Today in the Mission Yearbook

First Presbyterian Church of Philadelphia commemorates 325 years


Santana-Grace, Carter help ‘First Church’ remember its enduring history

December 14, 2023

The Rev. Ruth Faith Santana-Grace is at First Presbyterian Church of Philadelphia. Courtesy of worship stream.

The Rev. Ruth Faith Santana-Grace, Co-Moderator of the 225th General Assembly, is also executive presbyter of the Presbytery of Philadelphia. On Oct. 8, she traveled to the heart of the mid council and a congregational cornerstone of the denomination to preach about First Presbyterian Church of Philadelphia turning 325.

The Rev. Dr. Baron Mullis, pastor of “First Church,” welcomed Santana-Grace to the pulpit during the congregation’s 11 a.m. Sunday service.

Santana-Grace brought greetings on behalf of the presbytery and the General Assembly, adding that First Church has “a special place in my heart” because it was among the first congregations to welcome her to Philadelphia when she began her call with the presbytery 10 years earlier.

“Three hundred and twenty-five years. Can you imagine the excitement and joy of your spiritual ancestors as they began to formally give shape to what they prayed would be a sanctuary of faith and religious expression?” she asked.

“What did it mean to be a church then? What does it mean today?”

The Co-Moderator’s preaching was one of the special fall events planned for the 325th anniversary by the church’s commemoration committee, including “minutes for history” and lectures by the Rev. Jesse Garner, retired pastor, on “First Church in the Community” and “First Church and Social Change.”

The 325th anniversary banner in front of First Presbyterian Church of Philadelphia. Photo by Fred Tangeman.

In September, the commemoration committee hosted a reception at the Presbyterian Historical Society (PHS) featuring a talk by Dr. Heath W. Carter, associate professor of American Christianity at Princeton Theological Seminary and senior co-editor of The Journal of Presbyterian History.

During “Steadfast Through the Storms: A Lecture on the 325th Anniversary of Philadelphia’s First Presbyterian Church,” Carter told First Church members that the congregation, referred to as the “mother church” of American Presbyterianism, “played a vital role in the story of American Presbyterianism.”

He explored the congregation’s beginnings as part of an ecumenical gathering on the corner of Second and Chestnut Streets in the heart of colonial Philadelphia. From vandalism at the hands of British soldiers during the Revolution to financial strife during the Great Depression, First Church’s history reflected the ebb and flow of American history. The congregation was at the center of complicated divisions that arose in American Presbyterianism, including the Old Side-New Side controversy in the mid-1700s and the debate over slavery a century later. Albert Barnes, First Church pastor from 1830 to 1868, was a vocal critic of slavery but did not call for immediate abolition.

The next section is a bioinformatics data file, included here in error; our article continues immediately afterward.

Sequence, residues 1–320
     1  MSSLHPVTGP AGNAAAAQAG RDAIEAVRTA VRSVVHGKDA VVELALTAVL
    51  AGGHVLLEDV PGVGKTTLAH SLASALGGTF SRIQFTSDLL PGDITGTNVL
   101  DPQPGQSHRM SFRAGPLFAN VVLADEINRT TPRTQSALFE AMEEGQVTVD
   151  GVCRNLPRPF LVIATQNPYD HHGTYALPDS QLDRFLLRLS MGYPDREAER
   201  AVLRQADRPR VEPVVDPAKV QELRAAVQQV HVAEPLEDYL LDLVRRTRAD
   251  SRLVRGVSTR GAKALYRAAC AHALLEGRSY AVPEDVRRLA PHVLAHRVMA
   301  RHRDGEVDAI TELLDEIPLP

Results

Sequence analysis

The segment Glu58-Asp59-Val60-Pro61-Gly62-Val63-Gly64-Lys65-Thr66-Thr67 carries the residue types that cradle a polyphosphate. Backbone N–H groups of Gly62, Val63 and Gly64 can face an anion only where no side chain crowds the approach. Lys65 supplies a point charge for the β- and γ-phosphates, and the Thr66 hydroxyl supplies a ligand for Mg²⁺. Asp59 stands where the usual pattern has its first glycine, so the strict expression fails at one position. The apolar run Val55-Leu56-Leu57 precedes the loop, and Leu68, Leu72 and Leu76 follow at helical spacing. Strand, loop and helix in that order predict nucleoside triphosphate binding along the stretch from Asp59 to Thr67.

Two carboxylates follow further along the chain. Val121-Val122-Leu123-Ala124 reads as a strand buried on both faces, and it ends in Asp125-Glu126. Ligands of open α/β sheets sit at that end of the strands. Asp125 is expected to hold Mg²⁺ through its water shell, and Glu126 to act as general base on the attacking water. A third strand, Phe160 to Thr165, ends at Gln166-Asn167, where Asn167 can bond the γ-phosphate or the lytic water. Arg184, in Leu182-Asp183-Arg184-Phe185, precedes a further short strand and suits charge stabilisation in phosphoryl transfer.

From left: Ruth Faith Santana-Grace, Baron Mullis, Laura Colee at First Presbyterian Church of Philadelphia. Photo by Fred Tangeman.

Carter also talked about recent history. In 1990, seven members of the church started delivering meals to neighbors dying of AIDS, an effort that evolved into MANNA, a Philadelphia nonprofit that has now provided over 21 million meals to Philadelphians in need.

“I think of the small ecumenical band that first gathered in the Barbados store in the modest colonial village that was 1690s Philadelphia,” Carter told the PHS audience. “They could never have imagined all that was to come in the life of their church and city.”

William Lake Leonard, co-chair of the commemoration committee, wrote about the event in the church’s newsletter, calling PHS “a perfect place for a celebration of history, specifically the celebration of the 325th anniversary of the founding of The First Presbyterian Church of Philadelphia.”

Santana-Grace touched on the congregation’s long history during her sermon, connecting it with ministry in 2023.

“Identifying as a people of faith can be exhausting, and at times even discouraging,” she said. That’s true today, just as it was during the first three centuries of the Philadelphia congregation and the first century of the Common Era, when the Scripture Santana-Grace preached about was written: “But you are a chosen race, a royal priesthood, a holy nation, God’s own people, in order that you may proclaim the mighty acts of him who called you out of darkness into his marvelous light (1 Peter 2:9).”

Kristen Gaydos and Fred Tangeman, Office of the General Assembly

Today’s Focus: First Presbyterian Church of Philadelphia commemorates 325 years

Let us join in prayer for:

PC(USA) Agencies’ Staff
Champaka Srinivasan, Associate, Finance, Young Adult & National Volunteers, Presbyterian Mission Agency
David Staniunas, Records Archivist, Presbyterian Historical Society, Office of the General Assembly

Let us pray

Creator God, we pray for discernment and guidance as we try to walk the narrow path that has been put before us. We know that it will be difficult but that the rewards will be great. It is in your Son’s name that we pray. Amen.